Very often natural objects contain patterns within patterns that are only revealed by looking further and further into the subject. Indeed, nature is very generous and only too pleased to welcome us in to see all her glory. You can be assured that she will allow the very closest of inspections and will not disappoint.
With this renewed awareness a simple nature photography walk takes on new meaning. Just recently whilst walking on the beach I was attracted to the patterns of sand left behind as the water retreated down the beach with each wave. The patterns that were created suggest energy and motion reflecting both the fluidity and continuity of the ebbing tide. This happens twice a day and has been doing so for countless years in the natural world but it is interesting that almost identical patterns can be found after each tide. I find this repetition intriguing as it shows a consistency throughout the ages. However, even though the patterns in nature may reoccur, the colours and reflections change dramatically with the changing light, time of day and weather conditions. So even a visit to the same place will always provide something new and fresh to contemplate and challenge the mind.
Patterns are not only confined to small objects but are also there to be found in the grand scenic view and again it is the ability to really see that is all that is required. The juxtaposition of harsh and soft, light and dark or straight and irregular are all combinations that reveal patterns. It is possible to find patterns in nature by simply isolating part of a larger scene. For example a lonely section of mountainside adorned with the golden flames of a single autumn tree can offer a very simple and often starkly dramatic pattern. Or it may be the randomly fallen leaves that decorate the woodland floor creating an abstract pattern whilst golden shafts of sunlight penetrate through the wooded canopy above to enhance their beauty.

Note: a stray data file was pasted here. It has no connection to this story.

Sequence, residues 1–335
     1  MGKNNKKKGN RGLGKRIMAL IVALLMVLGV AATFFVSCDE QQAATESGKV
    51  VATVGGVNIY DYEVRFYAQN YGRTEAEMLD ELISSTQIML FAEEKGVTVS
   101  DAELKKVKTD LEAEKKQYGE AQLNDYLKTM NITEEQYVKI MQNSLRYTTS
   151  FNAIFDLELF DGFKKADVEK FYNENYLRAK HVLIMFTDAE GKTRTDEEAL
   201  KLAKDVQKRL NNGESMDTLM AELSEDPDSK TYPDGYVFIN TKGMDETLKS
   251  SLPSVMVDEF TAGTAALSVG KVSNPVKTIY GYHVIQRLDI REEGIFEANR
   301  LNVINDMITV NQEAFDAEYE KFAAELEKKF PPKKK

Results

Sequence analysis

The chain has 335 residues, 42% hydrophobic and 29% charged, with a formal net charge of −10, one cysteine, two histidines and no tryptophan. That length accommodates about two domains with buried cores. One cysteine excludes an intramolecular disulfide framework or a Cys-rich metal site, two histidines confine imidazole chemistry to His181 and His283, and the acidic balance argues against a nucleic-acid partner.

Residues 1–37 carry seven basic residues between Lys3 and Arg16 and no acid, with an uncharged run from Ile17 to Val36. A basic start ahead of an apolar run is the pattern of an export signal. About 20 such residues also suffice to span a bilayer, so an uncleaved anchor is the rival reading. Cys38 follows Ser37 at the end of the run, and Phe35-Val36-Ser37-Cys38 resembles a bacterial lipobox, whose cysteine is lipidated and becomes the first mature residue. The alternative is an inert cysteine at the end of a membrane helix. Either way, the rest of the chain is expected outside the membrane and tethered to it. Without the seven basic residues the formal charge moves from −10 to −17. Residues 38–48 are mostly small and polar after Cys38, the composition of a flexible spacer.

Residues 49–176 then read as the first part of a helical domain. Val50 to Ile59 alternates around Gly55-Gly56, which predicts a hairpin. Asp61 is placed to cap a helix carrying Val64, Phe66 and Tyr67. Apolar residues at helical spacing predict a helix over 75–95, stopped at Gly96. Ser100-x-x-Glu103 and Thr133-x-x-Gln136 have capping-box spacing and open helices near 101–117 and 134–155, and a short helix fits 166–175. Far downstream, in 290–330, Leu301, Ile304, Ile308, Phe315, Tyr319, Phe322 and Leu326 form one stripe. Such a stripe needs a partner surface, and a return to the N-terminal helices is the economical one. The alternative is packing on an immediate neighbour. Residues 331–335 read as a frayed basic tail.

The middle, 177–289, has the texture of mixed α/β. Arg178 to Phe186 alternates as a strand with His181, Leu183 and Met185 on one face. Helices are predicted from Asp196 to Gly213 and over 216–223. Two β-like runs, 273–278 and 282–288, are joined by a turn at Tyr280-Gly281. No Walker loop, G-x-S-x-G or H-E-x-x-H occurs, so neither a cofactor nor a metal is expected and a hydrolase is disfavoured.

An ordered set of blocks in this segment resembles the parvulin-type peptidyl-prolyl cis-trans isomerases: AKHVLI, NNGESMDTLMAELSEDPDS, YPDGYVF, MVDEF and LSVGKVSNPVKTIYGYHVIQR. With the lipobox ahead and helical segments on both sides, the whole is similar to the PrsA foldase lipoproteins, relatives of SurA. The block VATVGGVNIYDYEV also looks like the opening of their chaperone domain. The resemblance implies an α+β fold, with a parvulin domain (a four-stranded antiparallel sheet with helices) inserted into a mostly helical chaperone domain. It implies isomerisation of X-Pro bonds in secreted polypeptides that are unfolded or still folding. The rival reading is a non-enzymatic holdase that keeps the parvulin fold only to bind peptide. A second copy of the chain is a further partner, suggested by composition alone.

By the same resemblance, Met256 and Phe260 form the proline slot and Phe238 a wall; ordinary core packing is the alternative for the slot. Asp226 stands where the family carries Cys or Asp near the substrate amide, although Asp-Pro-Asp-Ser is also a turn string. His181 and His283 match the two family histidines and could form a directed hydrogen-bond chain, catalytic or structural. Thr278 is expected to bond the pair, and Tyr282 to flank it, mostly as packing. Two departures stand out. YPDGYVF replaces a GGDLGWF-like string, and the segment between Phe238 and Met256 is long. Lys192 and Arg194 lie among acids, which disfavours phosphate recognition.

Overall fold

There are also many patterns within the world’s fauna; a giraffe or zebra for example clearly exhibit very striking patterns. In these examples they are patterns with a purpose namely for camouflage and defence. Closer to home, however, a simple feather can show wonderful linear patterns with the shaft, barb and barbules and their interlocking hooks combining together to provide both strength and flexibility. In particular the feathers of the much-maligned magpie have an iridescent sheen and offer wonderful colours to enhance the strong diagonal pattern.
So, with renewed vision and childlike wonder the natural world is without doubt a beautiful place that only requires time and an inquisitive mind to fully appreciate. With all the negatives that abound it is reassuring to know that satisfaction and contentment can be provided by the most simple of things.
Originally posted: 12 April’06
About the author
Redstart photography by Phil McDermott based on the Isle of Mull in the west of Scotland specialising in nature and environmental photography.